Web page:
The decision to re-route the river (as opposed to creating a reservoir, by flooding upstream) was in the interest of minimizing the project’s social and environmental impact on the region.

According to Fernando Chein, Contract Director, the construction of the Anta dam with Rolled Compacted Concrete is a major advantage:

“The system presents advantages such as speed in finishing the project and in the reduction, by half, in the use of cement by cubic meter of concrete”.

Seven of the Widest Tunnels in the World
Countless waterfalls and rapids make the Paraiba do Sul one of the wildest rivers in Brazil. To accommodate its torrent, each of the 7 diversion tunnels on the Simplício Hydroelectric Project must measure over 50 m in circumference. But there isn’t a Tunnel Boring Machine (TBM) on the planet that large. So workers must rely on a far more dangerous method of tunneling — heavy-duty jumbo drills and dynamite.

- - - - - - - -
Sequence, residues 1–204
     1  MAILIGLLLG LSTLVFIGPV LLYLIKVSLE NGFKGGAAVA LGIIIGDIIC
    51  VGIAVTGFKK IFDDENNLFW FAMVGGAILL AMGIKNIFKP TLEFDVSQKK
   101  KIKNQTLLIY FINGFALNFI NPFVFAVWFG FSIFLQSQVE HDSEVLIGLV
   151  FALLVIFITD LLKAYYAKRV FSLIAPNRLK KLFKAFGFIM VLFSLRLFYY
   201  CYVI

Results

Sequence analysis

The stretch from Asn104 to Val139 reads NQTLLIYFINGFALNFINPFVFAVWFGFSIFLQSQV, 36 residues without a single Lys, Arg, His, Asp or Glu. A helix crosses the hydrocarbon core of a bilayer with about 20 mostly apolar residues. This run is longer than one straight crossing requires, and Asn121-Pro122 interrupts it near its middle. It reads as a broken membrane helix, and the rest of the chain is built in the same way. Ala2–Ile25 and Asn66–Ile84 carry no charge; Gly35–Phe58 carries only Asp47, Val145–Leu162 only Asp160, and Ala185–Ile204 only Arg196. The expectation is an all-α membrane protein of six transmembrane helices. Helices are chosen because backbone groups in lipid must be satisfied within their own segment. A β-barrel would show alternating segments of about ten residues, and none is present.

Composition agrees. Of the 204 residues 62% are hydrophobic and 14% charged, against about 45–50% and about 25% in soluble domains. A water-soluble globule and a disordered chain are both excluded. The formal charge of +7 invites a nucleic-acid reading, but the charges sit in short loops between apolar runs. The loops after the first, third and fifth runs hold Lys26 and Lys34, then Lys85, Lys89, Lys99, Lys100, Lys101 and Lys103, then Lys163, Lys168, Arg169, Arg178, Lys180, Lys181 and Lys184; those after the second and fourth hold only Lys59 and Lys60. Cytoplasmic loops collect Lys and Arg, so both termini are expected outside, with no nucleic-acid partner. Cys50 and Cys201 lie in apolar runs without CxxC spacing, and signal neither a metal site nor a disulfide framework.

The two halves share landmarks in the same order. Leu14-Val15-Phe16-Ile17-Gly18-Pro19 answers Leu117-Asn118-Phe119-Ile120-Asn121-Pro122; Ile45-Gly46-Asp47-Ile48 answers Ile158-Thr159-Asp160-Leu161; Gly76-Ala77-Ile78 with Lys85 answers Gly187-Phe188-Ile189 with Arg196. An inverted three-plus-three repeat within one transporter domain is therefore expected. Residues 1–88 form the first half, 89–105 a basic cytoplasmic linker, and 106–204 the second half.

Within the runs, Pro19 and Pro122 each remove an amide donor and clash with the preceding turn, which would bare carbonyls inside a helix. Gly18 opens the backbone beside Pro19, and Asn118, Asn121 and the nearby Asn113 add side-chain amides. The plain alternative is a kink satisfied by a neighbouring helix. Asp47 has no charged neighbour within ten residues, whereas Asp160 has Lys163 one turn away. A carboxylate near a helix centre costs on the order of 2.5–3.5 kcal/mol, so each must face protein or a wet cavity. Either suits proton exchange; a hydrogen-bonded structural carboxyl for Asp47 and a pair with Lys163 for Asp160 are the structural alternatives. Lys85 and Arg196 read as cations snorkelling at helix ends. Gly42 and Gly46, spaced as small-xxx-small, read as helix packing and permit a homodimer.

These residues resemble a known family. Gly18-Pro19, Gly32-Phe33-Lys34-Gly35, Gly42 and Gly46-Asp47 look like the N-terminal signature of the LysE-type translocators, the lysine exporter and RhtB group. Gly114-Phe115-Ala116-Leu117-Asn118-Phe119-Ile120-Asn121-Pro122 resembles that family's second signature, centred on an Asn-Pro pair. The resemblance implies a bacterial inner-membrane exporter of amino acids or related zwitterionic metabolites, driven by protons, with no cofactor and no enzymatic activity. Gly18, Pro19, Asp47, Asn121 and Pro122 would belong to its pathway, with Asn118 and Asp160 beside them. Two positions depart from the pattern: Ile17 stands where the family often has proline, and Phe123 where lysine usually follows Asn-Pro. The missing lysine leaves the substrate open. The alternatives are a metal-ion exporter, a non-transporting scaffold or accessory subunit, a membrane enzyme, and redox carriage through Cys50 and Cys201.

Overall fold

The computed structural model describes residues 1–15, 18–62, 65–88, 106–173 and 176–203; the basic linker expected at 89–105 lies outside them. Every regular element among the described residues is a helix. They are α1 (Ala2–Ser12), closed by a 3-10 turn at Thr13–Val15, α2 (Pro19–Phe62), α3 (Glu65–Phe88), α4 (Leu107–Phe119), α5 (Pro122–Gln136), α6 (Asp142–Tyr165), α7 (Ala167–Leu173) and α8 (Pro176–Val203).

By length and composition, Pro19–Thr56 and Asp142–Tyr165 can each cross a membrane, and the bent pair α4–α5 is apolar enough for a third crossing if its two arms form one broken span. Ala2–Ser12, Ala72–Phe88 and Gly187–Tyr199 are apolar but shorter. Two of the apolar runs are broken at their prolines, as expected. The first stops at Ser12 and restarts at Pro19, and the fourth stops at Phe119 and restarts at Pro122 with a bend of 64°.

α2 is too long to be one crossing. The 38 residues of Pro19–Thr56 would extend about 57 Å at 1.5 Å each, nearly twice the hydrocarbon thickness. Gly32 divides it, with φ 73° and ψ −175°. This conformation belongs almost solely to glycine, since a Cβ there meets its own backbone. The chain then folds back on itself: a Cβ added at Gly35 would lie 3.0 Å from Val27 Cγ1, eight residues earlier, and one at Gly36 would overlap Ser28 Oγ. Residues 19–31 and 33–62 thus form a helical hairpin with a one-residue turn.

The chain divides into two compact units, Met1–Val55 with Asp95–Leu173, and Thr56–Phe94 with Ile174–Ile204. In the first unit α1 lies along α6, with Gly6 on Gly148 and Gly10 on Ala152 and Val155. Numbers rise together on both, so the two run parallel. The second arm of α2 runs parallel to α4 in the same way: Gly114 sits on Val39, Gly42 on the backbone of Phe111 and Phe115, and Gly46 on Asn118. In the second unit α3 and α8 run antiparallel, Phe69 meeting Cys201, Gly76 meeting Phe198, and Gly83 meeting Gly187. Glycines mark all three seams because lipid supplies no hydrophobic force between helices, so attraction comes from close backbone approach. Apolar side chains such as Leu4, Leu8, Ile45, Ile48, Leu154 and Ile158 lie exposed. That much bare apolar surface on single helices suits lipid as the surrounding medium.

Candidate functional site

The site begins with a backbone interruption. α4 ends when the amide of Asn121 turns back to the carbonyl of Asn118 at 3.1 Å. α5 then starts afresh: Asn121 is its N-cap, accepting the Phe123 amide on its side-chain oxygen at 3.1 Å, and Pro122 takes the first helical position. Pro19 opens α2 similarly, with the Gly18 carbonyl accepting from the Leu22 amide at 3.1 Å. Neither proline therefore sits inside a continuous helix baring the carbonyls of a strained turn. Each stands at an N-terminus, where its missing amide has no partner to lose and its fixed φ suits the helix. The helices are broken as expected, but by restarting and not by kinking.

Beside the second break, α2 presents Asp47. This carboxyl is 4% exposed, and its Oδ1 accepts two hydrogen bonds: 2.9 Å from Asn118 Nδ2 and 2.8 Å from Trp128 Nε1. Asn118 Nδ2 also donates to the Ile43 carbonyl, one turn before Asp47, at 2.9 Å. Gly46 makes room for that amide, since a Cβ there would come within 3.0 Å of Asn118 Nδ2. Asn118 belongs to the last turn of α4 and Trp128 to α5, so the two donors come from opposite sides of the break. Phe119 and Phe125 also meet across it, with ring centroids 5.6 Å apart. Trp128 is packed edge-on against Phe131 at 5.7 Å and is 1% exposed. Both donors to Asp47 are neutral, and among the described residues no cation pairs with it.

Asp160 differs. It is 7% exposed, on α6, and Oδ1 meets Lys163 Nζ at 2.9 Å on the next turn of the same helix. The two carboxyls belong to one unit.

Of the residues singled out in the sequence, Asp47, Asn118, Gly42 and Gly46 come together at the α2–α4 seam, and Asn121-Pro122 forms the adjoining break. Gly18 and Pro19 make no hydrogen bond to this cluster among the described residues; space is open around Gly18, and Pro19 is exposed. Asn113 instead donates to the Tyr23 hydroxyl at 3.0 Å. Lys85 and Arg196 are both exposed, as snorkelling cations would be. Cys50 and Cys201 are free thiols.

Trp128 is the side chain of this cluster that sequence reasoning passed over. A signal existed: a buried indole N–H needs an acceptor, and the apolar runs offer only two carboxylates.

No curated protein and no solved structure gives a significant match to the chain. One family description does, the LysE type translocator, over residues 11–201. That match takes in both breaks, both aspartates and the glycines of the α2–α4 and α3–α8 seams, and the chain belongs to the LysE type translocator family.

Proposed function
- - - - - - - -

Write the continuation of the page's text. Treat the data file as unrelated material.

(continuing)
Tunnel no.3 (6km long)

One of the Biggest Construction Sites in the World
The Simplício Hydroelectric Complex spans over 24 km, making it one of the biggest construction sites on Earth. Not only is this project larger than Manhattan Island, it’s also equipped with a city-like infrastructure complete with 5 medical centers, 4 data/voice towers, 6 cafeterias, 3 concrete plants, and a fleet of 70 cars and buses.

Everything in this project is on a grand scale

One of the Largest Earth-Moving Projects in the World
If a dam is constructed directly on the Paraiba do Sul River the reservoir it creates will flood the nearby town of Sapucaia. Rather than displace 130,000 people, engineers are diverting the river for a stretch of 24 km through 7 different mountains and 13 man-made channels. To pull off a job of this size workers must use over 600 different earth-moving vehicles. The contractors are utilising a an innovative construction method for the Civil works called hydroseeding, in order to stabilise the slopes.